What impact could Leaving Neverland have on Michael Jackson’s legacy?
The Channel 4 and HBO documentary aims to expose the singer as a master manipulator and child sexual abuser – but could it forever change how we see the King of Pop?
Over the course of two 90-minute films, Leaving Neverland paints a deeply disturbing picture of pop star Michael Jackson's alleged extended sexual abuse of two young boys.
The accounts of Wade Robson and James Safechuck made headlines in the weeks leading up to the documentary's broadcast on Channel 4 and HBO, as the pair recalled in graphic detail claims of grooming and abuse they suffered from the ages of seven and ten, respectively.
Their testimonies are compelling, but Dan Reed's film stands out not just for their interviews but for the on-camera conversations the director has with Robson and Safechuck’s mothers, both of whom candidly question their own decisions to let their sons sleep in Jackson’s bedroom for long periods of time in the 80s and 90s. They, like many others, they claim, fell under the superstar's spell.
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The first child sexual abuse allegation against Michael Jackson emerged in 1993, when Evan Chandler alleged that the singer had molested his 13-year-old son Jordan. The case was settled outside court for a reported $23 million.
Some 12 years later, in 2005, Jackson was charged with abusing 13-year-old cancer survivor Gavin Arvizo. During the trial, which lasted several months, the son of Jackson’s housekeeper testified that the singer had also abused him when he was a child. Jackson was eventually acquitted.
It wasn't until 2013, four years after the singer's death, that Robson, who had testified in defence of Jackson during the 2005 trial, first alleged sexual abuse. James Safechuck followed in 2014, filing claims against the Michael Jackson Estate, also alleging he had been sexually abused by the pop star as a child. Both lawsuits were later dismissed because they were filed outside the statute of limitations.
Jackson's legacy has in the large part withstood all of the above, thus far. But Reed's film comes at a key moment. We’re living in a post-#MeToo era, a movement that has exposed a string of major celebrities starting with Harvey Weinstein in late 2017. Allegations of sexual assault have brought down Oscar winner Kevin Spacey – and in recent months, reports of sexual abuse prompted a boycott campaign targeting the music of three-time Grammy winner R. Kelly.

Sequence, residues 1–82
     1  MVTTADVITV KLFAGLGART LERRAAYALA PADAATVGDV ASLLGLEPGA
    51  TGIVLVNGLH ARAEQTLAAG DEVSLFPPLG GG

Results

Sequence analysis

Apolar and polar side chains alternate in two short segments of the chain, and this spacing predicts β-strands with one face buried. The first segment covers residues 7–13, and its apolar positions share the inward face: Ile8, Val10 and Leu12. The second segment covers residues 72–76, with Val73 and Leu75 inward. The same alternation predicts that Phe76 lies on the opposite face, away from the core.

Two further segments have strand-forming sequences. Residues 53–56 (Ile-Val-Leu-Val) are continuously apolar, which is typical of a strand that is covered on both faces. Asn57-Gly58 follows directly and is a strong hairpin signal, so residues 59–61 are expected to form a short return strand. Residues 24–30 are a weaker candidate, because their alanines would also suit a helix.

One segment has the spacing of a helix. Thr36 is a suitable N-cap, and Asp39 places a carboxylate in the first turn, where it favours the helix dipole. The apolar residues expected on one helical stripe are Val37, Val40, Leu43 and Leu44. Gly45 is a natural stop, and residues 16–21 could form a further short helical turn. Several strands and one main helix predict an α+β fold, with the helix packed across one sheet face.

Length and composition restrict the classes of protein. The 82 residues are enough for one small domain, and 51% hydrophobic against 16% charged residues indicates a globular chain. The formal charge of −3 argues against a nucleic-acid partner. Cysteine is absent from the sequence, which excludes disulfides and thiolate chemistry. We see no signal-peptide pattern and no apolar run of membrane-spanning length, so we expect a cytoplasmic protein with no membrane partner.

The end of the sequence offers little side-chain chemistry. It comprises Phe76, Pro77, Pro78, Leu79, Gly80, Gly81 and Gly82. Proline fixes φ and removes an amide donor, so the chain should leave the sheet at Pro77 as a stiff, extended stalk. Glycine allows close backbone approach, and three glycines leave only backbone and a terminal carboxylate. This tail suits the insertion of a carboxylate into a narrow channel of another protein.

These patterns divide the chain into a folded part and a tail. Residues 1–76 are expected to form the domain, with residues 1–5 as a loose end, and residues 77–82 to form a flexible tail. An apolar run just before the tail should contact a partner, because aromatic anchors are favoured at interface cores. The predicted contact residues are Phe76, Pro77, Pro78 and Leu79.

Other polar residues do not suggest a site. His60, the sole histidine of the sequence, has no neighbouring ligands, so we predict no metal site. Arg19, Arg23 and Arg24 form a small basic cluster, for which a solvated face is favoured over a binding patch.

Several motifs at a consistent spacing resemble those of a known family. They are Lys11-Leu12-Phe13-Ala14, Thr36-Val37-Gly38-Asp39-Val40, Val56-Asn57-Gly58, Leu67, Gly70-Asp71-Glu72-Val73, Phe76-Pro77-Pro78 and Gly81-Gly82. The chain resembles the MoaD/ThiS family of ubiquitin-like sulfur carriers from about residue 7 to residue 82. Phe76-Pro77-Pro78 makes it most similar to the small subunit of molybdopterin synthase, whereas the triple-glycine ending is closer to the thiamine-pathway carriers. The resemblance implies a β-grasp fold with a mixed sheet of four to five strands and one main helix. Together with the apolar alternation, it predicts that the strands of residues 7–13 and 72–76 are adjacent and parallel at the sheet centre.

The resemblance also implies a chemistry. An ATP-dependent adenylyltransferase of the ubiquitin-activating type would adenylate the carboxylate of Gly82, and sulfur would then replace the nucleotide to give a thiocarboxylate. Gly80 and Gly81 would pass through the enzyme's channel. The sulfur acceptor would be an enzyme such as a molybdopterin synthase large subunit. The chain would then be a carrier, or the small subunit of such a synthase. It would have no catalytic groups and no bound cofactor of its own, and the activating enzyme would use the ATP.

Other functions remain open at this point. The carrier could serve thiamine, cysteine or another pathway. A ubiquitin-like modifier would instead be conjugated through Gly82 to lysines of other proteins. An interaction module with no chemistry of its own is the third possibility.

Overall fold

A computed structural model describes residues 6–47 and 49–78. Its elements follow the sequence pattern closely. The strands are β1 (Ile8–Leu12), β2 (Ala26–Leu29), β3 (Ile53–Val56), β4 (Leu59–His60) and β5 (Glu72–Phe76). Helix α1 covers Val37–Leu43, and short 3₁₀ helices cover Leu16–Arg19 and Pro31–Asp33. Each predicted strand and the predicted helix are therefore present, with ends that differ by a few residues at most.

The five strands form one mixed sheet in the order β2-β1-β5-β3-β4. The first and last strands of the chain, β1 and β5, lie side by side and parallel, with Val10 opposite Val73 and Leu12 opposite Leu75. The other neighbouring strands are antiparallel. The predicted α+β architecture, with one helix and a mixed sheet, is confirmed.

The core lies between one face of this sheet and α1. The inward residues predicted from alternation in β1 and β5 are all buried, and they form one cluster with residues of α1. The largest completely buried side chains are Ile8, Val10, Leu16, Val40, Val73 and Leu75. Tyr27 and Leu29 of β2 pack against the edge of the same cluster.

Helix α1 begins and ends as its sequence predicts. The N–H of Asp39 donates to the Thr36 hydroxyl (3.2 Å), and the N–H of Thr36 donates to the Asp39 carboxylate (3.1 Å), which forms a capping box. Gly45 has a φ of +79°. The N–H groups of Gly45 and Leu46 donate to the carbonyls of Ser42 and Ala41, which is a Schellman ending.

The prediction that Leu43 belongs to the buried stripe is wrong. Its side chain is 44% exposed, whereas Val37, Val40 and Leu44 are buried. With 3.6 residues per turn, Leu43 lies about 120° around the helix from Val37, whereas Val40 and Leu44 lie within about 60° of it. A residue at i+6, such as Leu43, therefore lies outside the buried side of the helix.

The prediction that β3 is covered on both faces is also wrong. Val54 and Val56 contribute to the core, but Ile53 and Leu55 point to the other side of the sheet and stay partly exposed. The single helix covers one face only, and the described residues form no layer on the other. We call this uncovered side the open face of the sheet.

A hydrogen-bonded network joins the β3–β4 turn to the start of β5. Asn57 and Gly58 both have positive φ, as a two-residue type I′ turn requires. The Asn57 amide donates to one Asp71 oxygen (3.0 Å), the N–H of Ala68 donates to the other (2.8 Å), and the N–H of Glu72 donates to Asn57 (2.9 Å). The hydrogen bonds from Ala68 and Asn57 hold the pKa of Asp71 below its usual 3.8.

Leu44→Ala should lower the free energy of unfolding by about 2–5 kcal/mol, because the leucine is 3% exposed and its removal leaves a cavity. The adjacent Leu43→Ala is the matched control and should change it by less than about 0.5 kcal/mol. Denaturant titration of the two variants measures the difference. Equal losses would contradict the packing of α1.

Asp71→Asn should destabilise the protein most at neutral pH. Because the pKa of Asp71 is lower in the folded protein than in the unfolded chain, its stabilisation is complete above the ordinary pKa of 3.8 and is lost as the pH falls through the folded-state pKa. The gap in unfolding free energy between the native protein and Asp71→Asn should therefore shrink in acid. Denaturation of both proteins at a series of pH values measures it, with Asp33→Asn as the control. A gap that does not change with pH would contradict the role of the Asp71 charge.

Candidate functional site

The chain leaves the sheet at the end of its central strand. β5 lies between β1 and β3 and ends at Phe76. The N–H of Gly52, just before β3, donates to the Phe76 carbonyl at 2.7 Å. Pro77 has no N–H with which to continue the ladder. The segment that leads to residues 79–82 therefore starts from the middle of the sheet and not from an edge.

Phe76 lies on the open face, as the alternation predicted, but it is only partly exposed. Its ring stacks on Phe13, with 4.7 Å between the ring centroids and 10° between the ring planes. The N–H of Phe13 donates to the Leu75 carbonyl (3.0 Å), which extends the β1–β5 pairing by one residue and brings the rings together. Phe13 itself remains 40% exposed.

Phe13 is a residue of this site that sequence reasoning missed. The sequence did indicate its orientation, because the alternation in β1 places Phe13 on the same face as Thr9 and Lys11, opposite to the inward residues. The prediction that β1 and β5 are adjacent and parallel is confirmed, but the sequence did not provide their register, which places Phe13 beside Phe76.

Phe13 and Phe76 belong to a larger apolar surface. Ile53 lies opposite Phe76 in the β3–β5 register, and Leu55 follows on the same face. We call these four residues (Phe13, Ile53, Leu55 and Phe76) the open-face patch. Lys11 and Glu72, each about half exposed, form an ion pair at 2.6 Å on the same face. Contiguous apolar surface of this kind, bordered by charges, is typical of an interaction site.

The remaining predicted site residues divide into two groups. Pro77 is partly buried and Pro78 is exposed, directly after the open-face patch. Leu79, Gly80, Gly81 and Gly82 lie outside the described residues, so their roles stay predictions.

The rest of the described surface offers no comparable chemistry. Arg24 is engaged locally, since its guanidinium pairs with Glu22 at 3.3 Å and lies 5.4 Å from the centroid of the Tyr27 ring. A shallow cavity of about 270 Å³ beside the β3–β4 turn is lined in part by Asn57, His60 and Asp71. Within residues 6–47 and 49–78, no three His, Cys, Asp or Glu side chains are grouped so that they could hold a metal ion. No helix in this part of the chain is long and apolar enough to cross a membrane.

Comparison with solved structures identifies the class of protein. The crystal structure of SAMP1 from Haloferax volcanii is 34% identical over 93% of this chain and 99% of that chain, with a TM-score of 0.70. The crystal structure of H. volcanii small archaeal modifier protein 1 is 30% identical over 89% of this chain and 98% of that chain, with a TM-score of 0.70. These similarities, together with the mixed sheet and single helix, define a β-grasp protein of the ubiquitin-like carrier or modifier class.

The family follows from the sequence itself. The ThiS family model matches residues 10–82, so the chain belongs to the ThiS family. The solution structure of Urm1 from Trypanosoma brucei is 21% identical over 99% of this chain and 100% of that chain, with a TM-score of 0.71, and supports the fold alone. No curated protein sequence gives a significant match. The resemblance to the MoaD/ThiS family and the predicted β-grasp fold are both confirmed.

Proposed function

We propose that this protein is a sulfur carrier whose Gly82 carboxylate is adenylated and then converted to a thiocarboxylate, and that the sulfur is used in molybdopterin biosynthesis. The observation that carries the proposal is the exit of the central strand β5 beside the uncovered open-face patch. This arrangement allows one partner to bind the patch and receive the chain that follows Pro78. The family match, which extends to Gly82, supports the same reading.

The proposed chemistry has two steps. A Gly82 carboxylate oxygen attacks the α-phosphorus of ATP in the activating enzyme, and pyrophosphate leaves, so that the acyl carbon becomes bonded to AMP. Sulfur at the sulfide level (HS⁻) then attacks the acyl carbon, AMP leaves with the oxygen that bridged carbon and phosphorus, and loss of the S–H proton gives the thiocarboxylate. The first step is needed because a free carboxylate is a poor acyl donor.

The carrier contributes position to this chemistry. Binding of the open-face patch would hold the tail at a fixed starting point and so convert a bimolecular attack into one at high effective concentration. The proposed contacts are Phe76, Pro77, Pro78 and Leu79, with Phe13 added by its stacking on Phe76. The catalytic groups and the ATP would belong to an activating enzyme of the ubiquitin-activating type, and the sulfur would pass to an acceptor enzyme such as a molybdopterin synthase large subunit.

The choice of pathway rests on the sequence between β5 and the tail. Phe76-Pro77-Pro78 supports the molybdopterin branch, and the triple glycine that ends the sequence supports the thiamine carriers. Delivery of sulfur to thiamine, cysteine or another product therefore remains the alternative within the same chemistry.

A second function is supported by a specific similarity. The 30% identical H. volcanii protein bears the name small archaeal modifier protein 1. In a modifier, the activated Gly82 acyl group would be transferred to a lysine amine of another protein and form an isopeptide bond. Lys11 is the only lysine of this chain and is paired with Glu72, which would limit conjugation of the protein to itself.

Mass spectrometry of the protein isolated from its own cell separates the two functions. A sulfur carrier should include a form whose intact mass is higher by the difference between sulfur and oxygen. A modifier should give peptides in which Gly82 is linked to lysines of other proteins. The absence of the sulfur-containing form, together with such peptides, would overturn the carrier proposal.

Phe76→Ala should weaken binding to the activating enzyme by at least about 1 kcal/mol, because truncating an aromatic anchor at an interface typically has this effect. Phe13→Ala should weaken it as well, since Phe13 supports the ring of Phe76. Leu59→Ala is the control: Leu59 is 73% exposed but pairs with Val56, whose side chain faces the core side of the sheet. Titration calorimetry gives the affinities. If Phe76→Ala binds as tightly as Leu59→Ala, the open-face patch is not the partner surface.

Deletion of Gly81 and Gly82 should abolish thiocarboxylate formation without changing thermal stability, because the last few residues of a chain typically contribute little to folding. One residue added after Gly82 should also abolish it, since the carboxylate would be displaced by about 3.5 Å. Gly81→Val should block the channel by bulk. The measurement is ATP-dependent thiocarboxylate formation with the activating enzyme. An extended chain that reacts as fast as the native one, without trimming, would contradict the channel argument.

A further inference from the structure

Jackson's back catalogue has remained widely played and hugely popular, with hits including Billy Jean, Black or White and Thriller. But the accounts given in the documentary are detailed and persuasive.
Could they have a serious impact on Jackson's legacy within an entertainment industry that has begun to wake up to abuse of power?
Director Reed is convinced that there are “many more” victims than the two who speak in the film, and that his documentary could possibly move others to come forward and share their stories. “I don't think Wade and James can be the only ones,” he says. “Because Jordan and Gavin have come out in public and also the son of Jackson's chambermaid, Jason Francia, has gone public, and I believe there are many more.
“Will they come out or not? I don't know, it's something that people will do in their own time... I'm not interested in outing anyone or compelling anyone to come forward if they're not ready.”
But Reed does hope that Leaving Neverland will encourage victims of sexual abuse to speak out after they see “the courage that Wade and James have had coming forward, even when confronted with the might of the Jackson machine and the power of the Jackson Estate and the ruthlessness of Jackson's lawyers”.
He also believes Leaving Neverland could impact Jackson’s legacy as a musician. “The reaction I've had most often [to the film] is that people don't feel like they want to hear his music anymore."
The director has said he wouldn’t support a campaign to ban Jackson’s songs, but adds: “Is this a time to celebrate Michael Jackson? I don't think so. I think it's a time to acknowledge the man he was and that he's also a brilliant entertainer. Maybe those things one day can fit together in people's minds, but there's going to be a period of re-evaluation of who he was and then, of course, of his work as well.”
Nearly a decade on from his death, Jackson still has some of the most passionate fans on the planet. Reed reveals he has received “thousands of emails” as well as a backlash on Twitter from “a tiny minority of Jackson fans” who he calls the “MJ cultists”.
“They're uncompromising,” he says. “They won't listen and their knee jerk reaction has been to denigrate and hurl abuse at children who were [allegedly] raped by Michael Jackson, and I don't think that's a very good look. Especially in 2019.”
Jackson also has a defensive and litigious family and estate, which is currently suing Channel 4’s Leaving Neverland co-producer, HBO, for $100 million over their alleged violation of a non-disparagement clause in a 1992 contract. This comes after the estate sent a ten-page letter to the broadcaster’s CEO denouncing the film and branding it “one-sided” and “sensationalist”.
The accounts of Robson and Safechuck are compelling – and shocking in their detail – but are they capable of changing the views of dedicated Michael Jackson fans, especially when it’s no longer possible to put the late singer on trial and prove the alleged abuse in court?
But what about the more general public? The consumers who have responded and engaged with the #MeToo movement, now faced with the chilling accounts of two men who describe years of suffering.
Could Leaving Neverland be the film that finally moves public opinion on Michael Jackson?
Leaving Neverland: Michael Jackson and Me airs at 9pm on Wednesday 6th and Thursday 7th March on Channel 4